Nearly a year ago, President Obama delivered a speech calling for an increase in oil and gas production. Since then, he has canceled more production than he has allowed. Today he delivered a speech at Georgetown University outlining a plan to cut oil imports by one-third by 2025.
President Obama said when gasoline was $4 a gallon, “you had a lot of slogans and gimmicks and outraged politicians waving three-point plans for two-dollar gas—when none of it would really do anything to solve the problem.” Then he offered his own four-point plan to reduce dependence on foreign oil by: increasing oil and gas development; a fleet of natural gas/electric/fuel-efficient vehicles; biofuel production; and by 2035, making sure “80 percent of our electricity will come from an array of clean energy sources, from renewables like wind and solar to efficient natural gas to clean coal and nuclear power.” Let’s take these points one by one.
1.) Oil and gas exploration: We commend the President for re-committing to oil and gas production onshore and offshore in the U.S., which can create jobs and help lower prices without the help of the taxpayer. But until his Administration’s actions match his rhetoric, we remain unconvinced. Obama mentioned drilling off Alaskan coasts, where there are an estimated 19 billion barrels in the Chukchi Sea alone, but those resources are inaccessible—because the U.S. Environmental Appeals Board invalidated the Environmental Protection Agency’s permit approval for that area after appeals from environmental groups.
The Administration needs to stop dragging its feet on permits in areas where we already have drilling rigs in place, like the Gulf of Mexico. The President criticized the industry for sitting on leases and not producing any oil or gas, but the reality is the industry wants to produce and sell oil. Kathleen Sgamma of the Western Energy Alliance stressed that a “lease is not a green light to drill—it’s the first step in a long, expensive process that is fraught with bureaucratic red tape and lawsuits by environmental groups determined to stop domestic energy development.” Furthermore, even when there is no oil production, there is activity on the leases, such as seismic and survey work to improve the success rate of extraction.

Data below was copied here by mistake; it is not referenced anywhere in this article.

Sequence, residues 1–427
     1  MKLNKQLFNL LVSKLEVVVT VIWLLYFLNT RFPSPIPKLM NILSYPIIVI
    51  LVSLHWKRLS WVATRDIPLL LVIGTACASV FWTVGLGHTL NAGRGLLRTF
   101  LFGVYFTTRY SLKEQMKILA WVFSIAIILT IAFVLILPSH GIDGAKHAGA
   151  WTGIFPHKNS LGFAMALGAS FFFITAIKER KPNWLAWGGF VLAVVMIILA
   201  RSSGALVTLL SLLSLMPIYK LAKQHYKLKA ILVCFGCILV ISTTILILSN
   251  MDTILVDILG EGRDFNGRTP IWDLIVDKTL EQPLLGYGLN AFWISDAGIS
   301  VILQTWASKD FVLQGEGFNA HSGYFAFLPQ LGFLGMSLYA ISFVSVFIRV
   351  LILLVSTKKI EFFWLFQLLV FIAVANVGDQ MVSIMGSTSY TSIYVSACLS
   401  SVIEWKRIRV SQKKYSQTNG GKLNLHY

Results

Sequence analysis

2.) Improving the U.S. vehicle fleet: President Obama emphasized strongly that increased domestic oil production will not reduce oil dependence on its own, saying Americans need to drive cars that run on electricity and natural gas and build more high-speed rail. This is not a plan to secure energy but to secure taxpayer dollars for pet projects that are either too expensive for the private sector to undertake or simply unwanted by consumers. Even with generous subsidies for production and consumption of electric vehicles, demand is low because they are still too pricey. The same holds true for natural gas vehicles. If they were economical or met a market demand, they wouldn’t need special subsidies. In some cases, there could be bureaucratic obstacles that distort the marketplace. When that’s the case, those bureaucratic obstacles should be removed, not mitigated with subsidies. When the government selects political winners, it’s usually a good indicator that the technology or energy source is a market loser. Cars, buses and trucks that run on natural gas will prove to be a good investment for producers and consumers when they don’t need government support.